This image displays a number of the critical elements for determining the structure of a protein by cryo-electron microscopy. First, a solution containing many identical copies of a protein are spread on a grid (upper left), and quickly frozen to liquid nitrogen temperatures. These are imaged with an electron beam (teal), producing black-and-white images showing “silhouettes” of proteins (background, upper left). Thousands of these images are computationally combined to produce a 3D “map”, a graphical representation of the protein’s shape. A high resolution map of β-galactosidase is shown in the lower right. Given sufficient resolution, a chain of amino acids can be threaded through the map, creating an atomic model of the protein’s structure (background, upper right).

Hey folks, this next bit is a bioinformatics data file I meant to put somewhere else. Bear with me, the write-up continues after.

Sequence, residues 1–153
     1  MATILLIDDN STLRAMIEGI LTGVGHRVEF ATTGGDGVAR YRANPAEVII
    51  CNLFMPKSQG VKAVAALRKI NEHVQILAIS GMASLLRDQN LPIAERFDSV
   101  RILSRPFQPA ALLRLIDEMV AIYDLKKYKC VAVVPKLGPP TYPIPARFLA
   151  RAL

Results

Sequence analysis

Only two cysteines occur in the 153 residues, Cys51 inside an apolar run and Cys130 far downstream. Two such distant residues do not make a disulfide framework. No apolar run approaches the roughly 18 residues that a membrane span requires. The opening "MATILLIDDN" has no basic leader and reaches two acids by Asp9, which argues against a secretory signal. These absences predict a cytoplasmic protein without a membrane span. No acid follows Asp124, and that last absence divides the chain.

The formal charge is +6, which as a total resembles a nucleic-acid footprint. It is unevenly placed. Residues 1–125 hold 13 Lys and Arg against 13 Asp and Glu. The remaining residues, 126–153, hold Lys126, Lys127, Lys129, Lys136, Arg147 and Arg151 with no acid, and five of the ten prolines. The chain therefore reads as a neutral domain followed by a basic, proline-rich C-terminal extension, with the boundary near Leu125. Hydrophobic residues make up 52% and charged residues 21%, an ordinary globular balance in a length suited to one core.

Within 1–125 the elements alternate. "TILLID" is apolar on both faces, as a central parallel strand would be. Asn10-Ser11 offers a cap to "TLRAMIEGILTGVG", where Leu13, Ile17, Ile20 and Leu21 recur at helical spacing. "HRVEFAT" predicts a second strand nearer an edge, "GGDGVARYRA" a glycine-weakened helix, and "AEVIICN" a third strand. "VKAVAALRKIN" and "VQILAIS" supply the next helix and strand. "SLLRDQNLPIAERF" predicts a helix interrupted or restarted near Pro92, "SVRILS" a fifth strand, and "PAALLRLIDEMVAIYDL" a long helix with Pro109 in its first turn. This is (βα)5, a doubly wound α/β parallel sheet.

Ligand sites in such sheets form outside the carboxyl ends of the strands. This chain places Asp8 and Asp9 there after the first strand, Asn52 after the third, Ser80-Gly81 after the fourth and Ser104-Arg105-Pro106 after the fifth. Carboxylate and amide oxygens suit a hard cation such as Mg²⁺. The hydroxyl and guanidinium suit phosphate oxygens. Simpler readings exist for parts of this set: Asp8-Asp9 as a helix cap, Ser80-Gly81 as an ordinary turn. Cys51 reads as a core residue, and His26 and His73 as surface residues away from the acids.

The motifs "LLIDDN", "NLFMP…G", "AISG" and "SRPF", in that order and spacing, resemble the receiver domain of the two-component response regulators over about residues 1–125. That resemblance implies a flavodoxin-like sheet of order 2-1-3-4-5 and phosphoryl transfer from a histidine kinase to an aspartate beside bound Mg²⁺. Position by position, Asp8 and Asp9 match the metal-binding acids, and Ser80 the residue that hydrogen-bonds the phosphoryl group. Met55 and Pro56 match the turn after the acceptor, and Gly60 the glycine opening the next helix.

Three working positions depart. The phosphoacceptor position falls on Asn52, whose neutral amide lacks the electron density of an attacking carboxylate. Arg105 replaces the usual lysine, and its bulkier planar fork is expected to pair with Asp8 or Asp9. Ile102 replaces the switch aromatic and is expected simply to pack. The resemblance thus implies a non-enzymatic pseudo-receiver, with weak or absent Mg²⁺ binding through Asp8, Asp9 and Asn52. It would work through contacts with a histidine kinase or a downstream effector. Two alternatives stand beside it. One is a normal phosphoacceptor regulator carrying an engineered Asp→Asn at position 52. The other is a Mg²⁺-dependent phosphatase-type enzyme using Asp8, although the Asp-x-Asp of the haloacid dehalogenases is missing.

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Related Reference: Bartesaghi A, Merk A, et al. 2.2 Å resolution cryo-EM structure of β-galactosidase in complex with a cell-permeant inhibitor. Science. 2015 Jun 5;348(6239):1147-51. doi: 10.1126/science.aab1576.
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